Putin has delivered his strongest public remarks to date regarding the missiles placed by NATO on the borders of Russia – active in Romania and soon to be active in Poland:
“If yesterday in those areas of Romania people simply did not know what it means to be in the cross-hairs, then today we will be forced to carry out certain measures to ensure our security,” Putin said in a joint news conference in Athens with Greek Prime Minister Alexis Tsipras.
“It will be the same case with Poland,” he said.
The US claims that the missiles are to protect against Iran. Putin suggests this is unnecessary as there is now an agreement in place with Iran regarding nuclear weapons. It seems to me the point is irrelevant – given the location of the missiles, they could strike either Iran or Russia just the same.
“We won’t take any action until we see rockets in areas that neighbor us,” Putin added.
At least for the west, diplomacy does not appear to be an option:
“We’ve been repeating like a mantra that we will be forced to respond… Nobody wants to hear us. Nobody wants to conduct negotiations with us.”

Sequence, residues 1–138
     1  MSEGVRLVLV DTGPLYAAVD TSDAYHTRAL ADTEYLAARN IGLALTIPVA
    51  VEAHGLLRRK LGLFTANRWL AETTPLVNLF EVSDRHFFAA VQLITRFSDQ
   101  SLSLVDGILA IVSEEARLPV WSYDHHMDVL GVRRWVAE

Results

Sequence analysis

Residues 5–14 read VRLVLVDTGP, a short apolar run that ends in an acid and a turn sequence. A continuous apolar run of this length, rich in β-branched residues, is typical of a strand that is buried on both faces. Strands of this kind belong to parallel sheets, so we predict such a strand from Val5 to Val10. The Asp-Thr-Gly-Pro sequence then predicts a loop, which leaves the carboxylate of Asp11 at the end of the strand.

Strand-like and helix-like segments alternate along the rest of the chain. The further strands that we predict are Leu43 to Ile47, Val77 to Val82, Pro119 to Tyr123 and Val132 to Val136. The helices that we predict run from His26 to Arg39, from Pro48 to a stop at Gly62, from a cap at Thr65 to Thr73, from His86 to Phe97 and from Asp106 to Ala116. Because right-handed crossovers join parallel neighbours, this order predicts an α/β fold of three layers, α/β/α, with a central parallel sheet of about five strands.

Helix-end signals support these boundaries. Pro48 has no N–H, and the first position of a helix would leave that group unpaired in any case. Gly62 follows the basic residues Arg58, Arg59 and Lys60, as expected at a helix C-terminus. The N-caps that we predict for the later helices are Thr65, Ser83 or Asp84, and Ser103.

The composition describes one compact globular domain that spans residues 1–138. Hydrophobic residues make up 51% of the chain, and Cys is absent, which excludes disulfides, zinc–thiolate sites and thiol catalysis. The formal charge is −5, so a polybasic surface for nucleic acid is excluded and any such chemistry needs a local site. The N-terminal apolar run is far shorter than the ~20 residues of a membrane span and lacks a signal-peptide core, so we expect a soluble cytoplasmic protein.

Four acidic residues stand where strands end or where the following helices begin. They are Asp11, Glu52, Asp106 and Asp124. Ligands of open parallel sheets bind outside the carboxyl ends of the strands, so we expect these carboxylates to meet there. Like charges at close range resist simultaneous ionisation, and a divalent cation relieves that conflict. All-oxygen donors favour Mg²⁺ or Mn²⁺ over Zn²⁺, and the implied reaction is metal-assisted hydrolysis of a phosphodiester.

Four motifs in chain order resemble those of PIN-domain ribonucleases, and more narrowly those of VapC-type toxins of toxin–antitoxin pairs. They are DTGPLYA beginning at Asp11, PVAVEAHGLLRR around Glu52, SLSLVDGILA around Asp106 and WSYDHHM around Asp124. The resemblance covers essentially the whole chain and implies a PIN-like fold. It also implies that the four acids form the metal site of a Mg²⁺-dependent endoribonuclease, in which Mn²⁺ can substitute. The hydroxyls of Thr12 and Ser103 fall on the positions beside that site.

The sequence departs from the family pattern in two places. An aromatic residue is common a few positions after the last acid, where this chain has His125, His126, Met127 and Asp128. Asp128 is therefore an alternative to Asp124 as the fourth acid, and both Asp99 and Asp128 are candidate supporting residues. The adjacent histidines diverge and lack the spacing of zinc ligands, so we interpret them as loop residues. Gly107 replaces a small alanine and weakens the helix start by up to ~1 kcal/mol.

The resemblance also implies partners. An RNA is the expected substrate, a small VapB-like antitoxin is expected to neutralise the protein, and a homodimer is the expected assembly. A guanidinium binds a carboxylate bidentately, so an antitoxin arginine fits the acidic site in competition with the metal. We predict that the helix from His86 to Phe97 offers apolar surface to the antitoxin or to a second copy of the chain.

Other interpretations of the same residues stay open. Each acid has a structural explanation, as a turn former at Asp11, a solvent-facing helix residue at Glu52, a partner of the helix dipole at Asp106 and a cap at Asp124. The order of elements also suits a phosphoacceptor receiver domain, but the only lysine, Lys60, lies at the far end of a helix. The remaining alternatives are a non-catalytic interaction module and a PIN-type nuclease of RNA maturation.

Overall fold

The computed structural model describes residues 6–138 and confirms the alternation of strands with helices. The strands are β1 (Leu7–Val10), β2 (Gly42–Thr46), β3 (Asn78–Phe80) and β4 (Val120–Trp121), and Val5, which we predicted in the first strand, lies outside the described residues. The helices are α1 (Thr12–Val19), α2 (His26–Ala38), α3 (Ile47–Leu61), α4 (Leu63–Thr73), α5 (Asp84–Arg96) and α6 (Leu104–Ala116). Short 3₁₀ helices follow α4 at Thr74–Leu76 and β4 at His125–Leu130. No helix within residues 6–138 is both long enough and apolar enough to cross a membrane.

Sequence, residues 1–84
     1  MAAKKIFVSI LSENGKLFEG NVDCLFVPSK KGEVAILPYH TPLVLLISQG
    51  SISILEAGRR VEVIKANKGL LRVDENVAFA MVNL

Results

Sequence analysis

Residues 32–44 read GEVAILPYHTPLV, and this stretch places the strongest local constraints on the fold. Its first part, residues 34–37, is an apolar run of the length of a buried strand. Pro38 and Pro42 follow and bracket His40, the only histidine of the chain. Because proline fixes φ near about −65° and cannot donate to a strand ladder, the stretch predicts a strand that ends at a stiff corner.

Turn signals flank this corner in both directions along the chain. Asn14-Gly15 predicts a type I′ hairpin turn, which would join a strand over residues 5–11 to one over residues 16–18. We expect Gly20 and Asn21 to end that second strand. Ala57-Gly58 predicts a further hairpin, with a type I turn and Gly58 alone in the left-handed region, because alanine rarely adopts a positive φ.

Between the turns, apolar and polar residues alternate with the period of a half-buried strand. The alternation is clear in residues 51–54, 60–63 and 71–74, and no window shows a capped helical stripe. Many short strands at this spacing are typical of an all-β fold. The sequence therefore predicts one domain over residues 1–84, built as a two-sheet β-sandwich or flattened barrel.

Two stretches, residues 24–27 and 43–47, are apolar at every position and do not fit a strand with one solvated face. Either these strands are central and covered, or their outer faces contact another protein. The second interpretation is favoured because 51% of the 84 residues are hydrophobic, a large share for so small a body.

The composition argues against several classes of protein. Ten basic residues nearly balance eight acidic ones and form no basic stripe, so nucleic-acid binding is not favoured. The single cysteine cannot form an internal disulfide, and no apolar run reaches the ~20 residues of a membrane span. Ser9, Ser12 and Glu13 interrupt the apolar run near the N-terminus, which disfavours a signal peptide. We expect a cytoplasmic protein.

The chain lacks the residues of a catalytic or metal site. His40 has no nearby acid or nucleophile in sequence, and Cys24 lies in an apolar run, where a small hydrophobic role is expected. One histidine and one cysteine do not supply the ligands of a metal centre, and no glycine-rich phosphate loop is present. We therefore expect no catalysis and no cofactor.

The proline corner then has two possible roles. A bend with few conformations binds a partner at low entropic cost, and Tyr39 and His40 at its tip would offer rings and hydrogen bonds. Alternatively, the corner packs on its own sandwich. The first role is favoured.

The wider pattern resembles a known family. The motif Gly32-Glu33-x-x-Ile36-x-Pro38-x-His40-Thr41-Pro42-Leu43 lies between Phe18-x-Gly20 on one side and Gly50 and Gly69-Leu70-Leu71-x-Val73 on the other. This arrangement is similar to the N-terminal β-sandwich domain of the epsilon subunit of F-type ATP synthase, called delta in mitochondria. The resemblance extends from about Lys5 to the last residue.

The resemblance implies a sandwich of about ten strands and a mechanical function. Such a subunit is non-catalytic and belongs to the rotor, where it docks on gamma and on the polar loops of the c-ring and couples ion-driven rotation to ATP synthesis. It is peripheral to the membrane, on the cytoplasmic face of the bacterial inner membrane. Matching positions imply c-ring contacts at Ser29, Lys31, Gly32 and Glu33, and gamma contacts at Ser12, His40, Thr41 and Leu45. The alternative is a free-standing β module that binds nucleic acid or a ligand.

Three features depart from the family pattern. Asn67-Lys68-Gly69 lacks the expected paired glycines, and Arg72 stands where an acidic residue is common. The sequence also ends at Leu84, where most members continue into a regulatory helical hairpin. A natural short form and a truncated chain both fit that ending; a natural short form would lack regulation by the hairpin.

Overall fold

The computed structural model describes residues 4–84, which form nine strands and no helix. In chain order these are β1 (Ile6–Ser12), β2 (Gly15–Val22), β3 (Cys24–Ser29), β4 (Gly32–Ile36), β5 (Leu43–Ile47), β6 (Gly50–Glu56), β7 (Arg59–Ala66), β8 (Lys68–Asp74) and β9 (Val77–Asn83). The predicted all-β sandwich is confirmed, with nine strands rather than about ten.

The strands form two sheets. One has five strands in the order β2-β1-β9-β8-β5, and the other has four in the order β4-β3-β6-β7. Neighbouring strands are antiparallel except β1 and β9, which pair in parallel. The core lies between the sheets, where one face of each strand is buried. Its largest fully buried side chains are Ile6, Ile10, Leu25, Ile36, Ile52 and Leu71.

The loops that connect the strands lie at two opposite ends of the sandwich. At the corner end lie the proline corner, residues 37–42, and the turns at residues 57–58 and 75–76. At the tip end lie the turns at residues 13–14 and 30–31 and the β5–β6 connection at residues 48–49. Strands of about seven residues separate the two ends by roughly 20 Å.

These central European countries are playing a dangerous game that Poland has lost once before. They are counting on promises of salvation from the west instead of remaining focused on developing good relations with regional neighbors. Instead of creating alliances with neighbors who share similar (and strictly limited) security concerns, they are willingly becoming pawns in MacKinder’s very great game.
There was once such a plan proposed – an alliance of these several central European countries:
Międzymorze, known in English as Intermarium, was a plan, pursued after World War I by Polish leader Józef Piłsudski, for a federation, of Central and Eastern European countries. Invited to join the proposed federation were the Baltic states (Lithuania, Latvia, Estonia), Finland, Belarus, Ukraine, Hungary, Romania, Yugoslavia and Czechoslovakia.